The million dollar question – how to find your purpose?

We millennials are often considered to be spoilt generation which grew up in the most peaceful and economically flourishing moments of our history. And yet we are often so unhappy with our jobs, that changing employers every 2-3 years became the new normal. It is either that we don’t feel valued enough, the people at the company don’t inspire us, the company’s strategy is not purposeful enough or we simply feel an urge to explore new places and things.

There could be many more reasons, but let’s talk about the one which created the most buzz recently – searching for purpose. This buzz has become so strong that more and more companies are rallying to adjust their vision and mission statements to appeal to the millennial generation. If not, many believe that attracting the most talented millennials is going to be hard.

It is interesting that hunger for purpose is so much associated with millennials, although I believe it’s not unique to this generation only. If we look at the famous Maslow needs pyramid, searching for purpose can be related to the top layer – self actualization. The theory says that every human is moving up each layer step-by-step. So, since the theory was published in 1943, a time before ‘millennials’ came into existence, I believe it’s safe to conclude that all human beings want to pursue their purpose once they are at the top of the pyramid.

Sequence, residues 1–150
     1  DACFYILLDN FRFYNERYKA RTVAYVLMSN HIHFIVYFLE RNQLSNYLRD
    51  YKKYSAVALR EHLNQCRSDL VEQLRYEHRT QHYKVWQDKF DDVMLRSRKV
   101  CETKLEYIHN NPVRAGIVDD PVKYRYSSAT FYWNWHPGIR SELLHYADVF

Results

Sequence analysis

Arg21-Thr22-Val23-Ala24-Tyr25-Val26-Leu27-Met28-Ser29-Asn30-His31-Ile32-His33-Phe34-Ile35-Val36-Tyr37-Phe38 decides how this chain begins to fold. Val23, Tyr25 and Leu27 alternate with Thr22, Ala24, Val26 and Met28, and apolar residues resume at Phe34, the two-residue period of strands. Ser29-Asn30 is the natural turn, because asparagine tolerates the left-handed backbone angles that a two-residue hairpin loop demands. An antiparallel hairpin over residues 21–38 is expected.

Maslow’s hierarchy of needs. Source: link

Why so much buzz around the purpose than these days? I believe that millennials popularized this concept, because reaching the top layer for many of us was easier and faster compared to previous generations. This is not to say that millennials have an easy life, but rather to emphasize the different economic conditions we grew up in. 

So, back to the million dollar question – how to find your purpose? 

It is always a good idea to start with self-reflection

Start slow to finish fast. And don’t jump to conclusions immediately. Take your time to understand yourself better. What drives you or gives you the most energy? What are your strengths and weaknesses? Where do your beliefs and values derive from? Who are you?

It’s plenty of questions, which often can be hard to answer. You might need to dig deep into your childhood, family relations and environment in which you grew up. Try to remember what you liked doing when you were younger and didn’t yet have too many “adult” responsibilities. I am sure this will trigger new thoughts and will help you to answer your questions.